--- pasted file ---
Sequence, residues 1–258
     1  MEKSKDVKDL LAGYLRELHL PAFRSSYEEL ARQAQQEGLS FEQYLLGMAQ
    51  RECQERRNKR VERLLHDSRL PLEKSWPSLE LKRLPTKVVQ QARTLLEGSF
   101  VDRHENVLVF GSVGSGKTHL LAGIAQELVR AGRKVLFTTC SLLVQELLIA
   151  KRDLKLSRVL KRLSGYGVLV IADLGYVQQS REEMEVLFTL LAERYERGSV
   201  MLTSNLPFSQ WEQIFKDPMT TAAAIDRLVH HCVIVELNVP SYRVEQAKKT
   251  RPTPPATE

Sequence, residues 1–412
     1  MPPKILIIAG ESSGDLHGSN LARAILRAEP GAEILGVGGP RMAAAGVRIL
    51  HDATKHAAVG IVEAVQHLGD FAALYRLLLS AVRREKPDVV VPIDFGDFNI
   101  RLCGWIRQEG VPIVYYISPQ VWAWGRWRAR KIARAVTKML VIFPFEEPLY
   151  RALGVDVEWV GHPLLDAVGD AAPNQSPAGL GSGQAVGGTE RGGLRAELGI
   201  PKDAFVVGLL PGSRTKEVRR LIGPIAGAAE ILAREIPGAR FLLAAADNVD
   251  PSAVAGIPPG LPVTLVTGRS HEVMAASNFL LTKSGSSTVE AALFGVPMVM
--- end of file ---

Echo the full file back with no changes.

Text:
Sequence, residues 1–258
     1  MEKSKDVKDL LAGYLRELHL PAFRSSYEEL ARQAQQEGLS FEQYLLGMAQ
    51  RECQERRNKR VERLLHDSRL PLEKSWPSLE LKRLPTKVVQ QARTLLEGSF
   101  VDRHENVLVF GSVGSGKTHL LAGIAQELVR AGRKVLFTTC SLLVQELLIA
   151  KRDLKLSRVL KRLSGYGVLV IADLGYVQQS REEMEVLFTL LAERYERGSV
   201  MLTSNLPFSQ WEQIFKDPMT TAAAIDRLVH HCVIVELNVP SYRVEQAKKT
   251  RPTPPATE

Sequence, residues 1–412
     1  MPPKILIIAG ESSGDLHGSN LARAILRAEP GAEILGVGGP RMAAAGVRIL
    51  HDATKHAAVG IVEAVQHLGD FAALYRLLLS AVRREKPDVV VPIDFGDFNI
   101  RLCGWIRQEG VPIVYYISPQ VWAWGRWRAR KIARAVTKML VIFPFEEPLY
   151  RALGVDVEWV GHPLLDAVGD AAPNQSPAGL GSGQAVGGTE RGGLRAELGI
   201  PKDAFVVGLL PGSRTKEVRR LIGPIAGAAE ILAREIPGAR FLLAAADNVD
   251  PSAVAGIPPG LPVTLVTGRS HEVMAASNFL LTKSGSSTVE AALFGVPMVM